6202.0 - Labour Force, Australia, Mar 2016 Quality Declaration
Latest ISSUE Released at 11:30 AM (CANBERRA TIME) 14/04/2016
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Trend employment growth in Australia eases
Trend employment growth in Australia eased from the relatively strong growth seen in late 2015, according to figures released by the Australian Bureau of Statistics (ABS) today.
In March 2016, the annual trend employment growth rate was 2.2 per cent, down from 2.6 per cent in December 2015 . That's an increase of around 250,000 persons employed, compared with 300,000 persons.
"In March 2016, the trend employment to population ratio remained at 61.2 per cent. This reflects an increase over the year from 60.8 per cent to 61.2 per cent, while over the same period the unemployment rate decreased from 6.2 per cent to 5.8 per cent," General Manager of ABS' Macroeconomic Statistics Division, Bruce Hockman said.
Over the past month, trend employment increased by 7,700 persons to 11,910,000 persons, which equated to a monthly growth rate of 0.10 per cent. This monthly growth rate was below the monthly average over the past 20 years (0.15 per cent), and down from the rate of 0.25 per cent in September 2015.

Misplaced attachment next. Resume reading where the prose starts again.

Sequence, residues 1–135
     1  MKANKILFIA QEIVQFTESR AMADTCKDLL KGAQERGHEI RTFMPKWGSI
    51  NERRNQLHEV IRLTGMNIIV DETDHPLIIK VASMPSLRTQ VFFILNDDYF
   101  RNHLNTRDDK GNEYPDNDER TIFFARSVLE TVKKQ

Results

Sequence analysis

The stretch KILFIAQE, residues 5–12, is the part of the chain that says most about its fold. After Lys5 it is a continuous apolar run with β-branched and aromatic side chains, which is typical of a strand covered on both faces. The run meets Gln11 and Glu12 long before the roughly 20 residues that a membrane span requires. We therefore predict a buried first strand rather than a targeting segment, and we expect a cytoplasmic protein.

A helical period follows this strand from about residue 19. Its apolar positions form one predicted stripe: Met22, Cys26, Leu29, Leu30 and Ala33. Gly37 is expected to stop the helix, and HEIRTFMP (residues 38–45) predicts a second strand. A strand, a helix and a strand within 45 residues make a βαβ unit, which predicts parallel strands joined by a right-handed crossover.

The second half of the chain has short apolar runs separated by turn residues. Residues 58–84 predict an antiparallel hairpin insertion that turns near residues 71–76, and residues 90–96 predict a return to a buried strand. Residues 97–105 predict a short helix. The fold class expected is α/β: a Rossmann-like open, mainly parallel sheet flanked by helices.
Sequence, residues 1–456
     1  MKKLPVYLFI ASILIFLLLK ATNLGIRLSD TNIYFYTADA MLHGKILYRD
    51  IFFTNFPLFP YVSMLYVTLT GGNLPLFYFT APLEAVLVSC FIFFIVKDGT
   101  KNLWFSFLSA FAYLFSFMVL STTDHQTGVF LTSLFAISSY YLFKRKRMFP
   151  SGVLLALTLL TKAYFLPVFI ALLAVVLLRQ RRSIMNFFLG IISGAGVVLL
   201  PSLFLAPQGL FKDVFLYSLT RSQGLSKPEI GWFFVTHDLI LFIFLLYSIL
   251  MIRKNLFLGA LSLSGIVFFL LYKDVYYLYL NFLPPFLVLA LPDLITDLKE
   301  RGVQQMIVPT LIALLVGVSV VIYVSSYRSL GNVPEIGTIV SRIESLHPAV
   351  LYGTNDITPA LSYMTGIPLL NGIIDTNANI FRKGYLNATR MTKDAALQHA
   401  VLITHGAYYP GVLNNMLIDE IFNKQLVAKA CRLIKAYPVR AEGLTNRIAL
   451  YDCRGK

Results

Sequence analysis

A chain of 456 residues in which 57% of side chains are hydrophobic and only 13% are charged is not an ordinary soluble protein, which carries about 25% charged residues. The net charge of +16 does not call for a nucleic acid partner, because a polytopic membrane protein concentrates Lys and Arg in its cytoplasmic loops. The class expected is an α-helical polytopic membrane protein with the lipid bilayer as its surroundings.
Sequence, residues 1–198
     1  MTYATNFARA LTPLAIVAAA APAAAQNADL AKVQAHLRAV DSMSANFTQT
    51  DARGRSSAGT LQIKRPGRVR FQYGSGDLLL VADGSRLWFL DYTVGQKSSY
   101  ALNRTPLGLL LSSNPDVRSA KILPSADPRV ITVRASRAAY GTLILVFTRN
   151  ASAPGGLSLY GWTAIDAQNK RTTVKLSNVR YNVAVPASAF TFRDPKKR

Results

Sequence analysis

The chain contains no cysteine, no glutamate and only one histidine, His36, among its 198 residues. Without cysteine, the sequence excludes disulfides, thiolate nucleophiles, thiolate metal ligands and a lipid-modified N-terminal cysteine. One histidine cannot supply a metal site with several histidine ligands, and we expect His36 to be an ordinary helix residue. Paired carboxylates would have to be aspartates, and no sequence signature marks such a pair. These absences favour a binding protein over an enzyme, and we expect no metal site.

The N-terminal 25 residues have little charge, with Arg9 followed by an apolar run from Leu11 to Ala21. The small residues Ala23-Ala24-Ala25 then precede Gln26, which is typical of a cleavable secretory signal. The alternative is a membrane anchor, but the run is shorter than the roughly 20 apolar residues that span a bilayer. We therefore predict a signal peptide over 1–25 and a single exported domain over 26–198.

The trend monthly hours worked in all jobs series decreased by 1.8 million hours (0.11 per cent) to 1,643.7 million hours.
The trend series smooth the more volatile seasonally adjusted estimates and provide the best measure of the underlying behaviour of the labour market.
The seasonally adjusted number of persons employed increased by 26,100 in March 2016, while the number of persons unemployed decreased by 7,300. The seasonally adjusted unemployment rate for March 2016 was 5.7 per cent (down 0.1 percentage points) and the seasonally adjusted labour force participation rate remained at 64.9 per cent.
More details are in the March 2016 issue of Labour Force, Australia (cat. no. 6202.0), as well as the upcoming March 2016 issue of Labour Force, Australia, Detailed - Electronic Delivery (cat. no. 6291.0.55.001) due for release on April 21. These publications are available for free download (after release) from the ABS website - www.abs.gov.au
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